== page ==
Appearing as a guest on C-SPAN‘s The Communicators over the weekend, NCTA President and CEO Kyle McSlarrow expressed satisfaction with the three-year time limit placed on the viewability requirements in recent action by the Federal Communications Commission.

"We thought this was a sensible compromise so that we could do what we needed to do to take care of our customers, get through the digital transition, help the public policy side of it and also put an endpoint to it," McSlarrow said.

Without discussing the technical logistics of the digital TV transition, McSlarrow emphasized the industry’s interest in deploying a range of additional services, specifically mentioning wideband, which he said would offer consumers as much as 100 Mbps downstream. The new rules According to the new FCC rules, after the transition in 2009, cable operators must continue making local stations viewable by all subscribers until 2012. There had been talk that dual carriage would be perpetual, which McSlarrow said would have been a violation of the Constitution, as it relates to speech and private property among other things.

McSlarrow said that the members of NCTA are working ease the transition. Cable operators have committed $200 million in part to help educate consumers and have joined with satellite providers and broadcasters to operate dtvtransition.org. (Home page message: "On February 17, 2009, Television will go all digital, all the time. Are you ready?) Operators will target all forms of media as well as utilize grass roots organizations such as AARP, McSlarrow said.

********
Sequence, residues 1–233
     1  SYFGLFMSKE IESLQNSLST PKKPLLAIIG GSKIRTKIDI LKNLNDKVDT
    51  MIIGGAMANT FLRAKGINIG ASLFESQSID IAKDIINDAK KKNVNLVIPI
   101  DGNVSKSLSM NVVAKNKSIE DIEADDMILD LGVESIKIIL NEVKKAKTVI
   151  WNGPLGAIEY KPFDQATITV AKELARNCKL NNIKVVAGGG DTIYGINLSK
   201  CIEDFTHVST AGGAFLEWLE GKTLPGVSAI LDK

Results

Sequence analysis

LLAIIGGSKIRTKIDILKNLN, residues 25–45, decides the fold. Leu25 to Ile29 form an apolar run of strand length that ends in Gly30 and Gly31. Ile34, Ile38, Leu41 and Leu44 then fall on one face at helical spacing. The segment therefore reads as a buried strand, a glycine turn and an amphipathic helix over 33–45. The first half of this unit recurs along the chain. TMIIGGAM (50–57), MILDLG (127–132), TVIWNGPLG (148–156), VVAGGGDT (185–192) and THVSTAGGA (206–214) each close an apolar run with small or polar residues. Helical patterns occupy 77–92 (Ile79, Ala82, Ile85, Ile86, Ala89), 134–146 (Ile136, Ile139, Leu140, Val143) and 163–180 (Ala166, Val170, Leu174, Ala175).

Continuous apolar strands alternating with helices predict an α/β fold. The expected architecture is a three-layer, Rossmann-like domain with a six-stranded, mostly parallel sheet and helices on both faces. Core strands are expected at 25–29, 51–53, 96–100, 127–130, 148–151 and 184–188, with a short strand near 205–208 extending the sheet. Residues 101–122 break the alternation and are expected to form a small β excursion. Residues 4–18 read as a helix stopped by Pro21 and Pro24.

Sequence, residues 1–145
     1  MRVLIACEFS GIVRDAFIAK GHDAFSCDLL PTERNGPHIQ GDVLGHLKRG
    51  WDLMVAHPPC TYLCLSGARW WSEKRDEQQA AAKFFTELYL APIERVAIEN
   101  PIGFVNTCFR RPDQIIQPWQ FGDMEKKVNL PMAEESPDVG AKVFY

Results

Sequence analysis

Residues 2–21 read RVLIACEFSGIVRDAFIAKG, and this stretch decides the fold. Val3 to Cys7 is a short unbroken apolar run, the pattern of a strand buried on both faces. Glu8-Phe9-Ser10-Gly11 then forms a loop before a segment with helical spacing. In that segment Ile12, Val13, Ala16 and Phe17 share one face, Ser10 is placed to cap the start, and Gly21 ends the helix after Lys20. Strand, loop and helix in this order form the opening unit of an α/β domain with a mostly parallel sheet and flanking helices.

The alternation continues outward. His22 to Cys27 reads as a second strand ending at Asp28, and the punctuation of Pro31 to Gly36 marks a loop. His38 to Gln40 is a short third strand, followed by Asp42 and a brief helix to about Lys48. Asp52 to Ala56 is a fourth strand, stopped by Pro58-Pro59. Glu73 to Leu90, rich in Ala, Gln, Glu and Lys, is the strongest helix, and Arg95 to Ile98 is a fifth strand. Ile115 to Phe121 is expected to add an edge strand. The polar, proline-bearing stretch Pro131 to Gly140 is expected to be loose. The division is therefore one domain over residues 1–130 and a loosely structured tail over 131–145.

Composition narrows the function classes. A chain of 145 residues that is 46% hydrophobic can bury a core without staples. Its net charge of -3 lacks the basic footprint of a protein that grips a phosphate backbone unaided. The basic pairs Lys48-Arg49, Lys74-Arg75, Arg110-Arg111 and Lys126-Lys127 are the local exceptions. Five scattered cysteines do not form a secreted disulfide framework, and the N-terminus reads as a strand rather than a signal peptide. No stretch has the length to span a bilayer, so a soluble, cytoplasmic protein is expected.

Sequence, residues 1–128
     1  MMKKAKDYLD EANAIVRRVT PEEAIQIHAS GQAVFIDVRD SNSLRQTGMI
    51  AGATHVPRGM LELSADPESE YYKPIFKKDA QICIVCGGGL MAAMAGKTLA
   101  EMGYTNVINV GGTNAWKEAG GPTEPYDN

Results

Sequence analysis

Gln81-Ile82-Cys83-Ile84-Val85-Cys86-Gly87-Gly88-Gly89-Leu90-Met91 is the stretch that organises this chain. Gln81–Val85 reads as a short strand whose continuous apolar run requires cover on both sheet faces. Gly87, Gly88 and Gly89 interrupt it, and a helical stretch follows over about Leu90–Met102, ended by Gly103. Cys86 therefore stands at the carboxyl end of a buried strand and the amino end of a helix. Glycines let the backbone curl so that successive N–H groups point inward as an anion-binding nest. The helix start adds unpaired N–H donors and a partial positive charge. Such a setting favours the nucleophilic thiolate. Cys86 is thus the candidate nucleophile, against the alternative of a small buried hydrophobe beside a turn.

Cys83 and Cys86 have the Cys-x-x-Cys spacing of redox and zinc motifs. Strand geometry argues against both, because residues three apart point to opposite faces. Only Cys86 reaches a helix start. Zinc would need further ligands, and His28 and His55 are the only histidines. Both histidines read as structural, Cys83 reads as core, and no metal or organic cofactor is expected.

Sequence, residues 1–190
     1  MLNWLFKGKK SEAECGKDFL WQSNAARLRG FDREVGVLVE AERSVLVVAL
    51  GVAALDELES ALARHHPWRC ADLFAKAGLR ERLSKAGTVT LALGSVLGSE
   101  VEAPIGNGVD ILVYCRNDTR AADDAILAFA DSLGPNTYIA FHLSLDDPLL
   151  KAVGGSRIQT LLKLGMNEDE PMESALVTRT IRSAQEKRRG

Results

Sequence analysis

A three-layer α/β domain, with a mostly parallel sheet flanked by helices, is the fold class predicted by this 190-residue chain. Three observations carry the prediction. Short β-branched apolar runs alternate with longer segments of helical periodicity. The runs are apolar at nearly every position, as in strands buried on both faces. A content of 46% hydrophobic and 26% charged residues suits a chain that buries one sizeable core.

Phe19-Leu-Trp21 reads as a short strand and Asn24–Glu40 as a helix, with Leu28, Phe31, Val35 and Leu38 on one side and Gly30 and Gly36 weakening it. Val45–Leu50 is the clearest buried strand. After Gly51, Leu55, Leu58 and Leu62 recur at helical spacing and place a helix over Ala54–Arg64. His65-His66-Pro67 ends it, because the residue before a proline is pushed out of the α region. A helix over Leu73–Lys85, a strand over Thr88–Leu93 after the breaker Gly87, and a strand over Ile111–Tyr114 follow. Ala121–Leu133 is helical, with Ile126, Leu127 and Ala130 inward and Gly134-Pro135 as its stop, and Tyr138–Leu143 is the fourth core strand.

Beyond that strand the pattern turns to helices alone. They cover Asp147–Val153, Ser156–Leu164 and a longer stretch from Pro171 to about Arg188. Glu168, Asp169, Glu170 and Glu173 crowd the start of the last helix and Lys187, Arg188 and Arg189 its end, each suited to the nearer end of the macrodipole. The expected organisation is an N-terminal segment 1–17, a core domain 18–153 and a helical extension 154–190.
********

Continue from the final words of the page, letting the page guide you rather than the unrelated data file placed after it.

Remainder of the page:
"The (cable industry) is the largest provider of television services in America," McSlarrow said. "We felt like we had a responsibility to be part of (the transition)," he said. A la carte? On another topic, McSlarrow reiterated objection to a la carte programming. Not only would it fail to benefit consumers, he said, it actually would be "anti-consumer." The studies he quoted indicate that consumers would pay more for less if channels were offered a la carte.

McSlarrow added that a la carte would lead to government regulation of price and hurt content and diversity. "If you really believe in the marketplace, you should really believe in the marketplace," he said. – Monta Hernon

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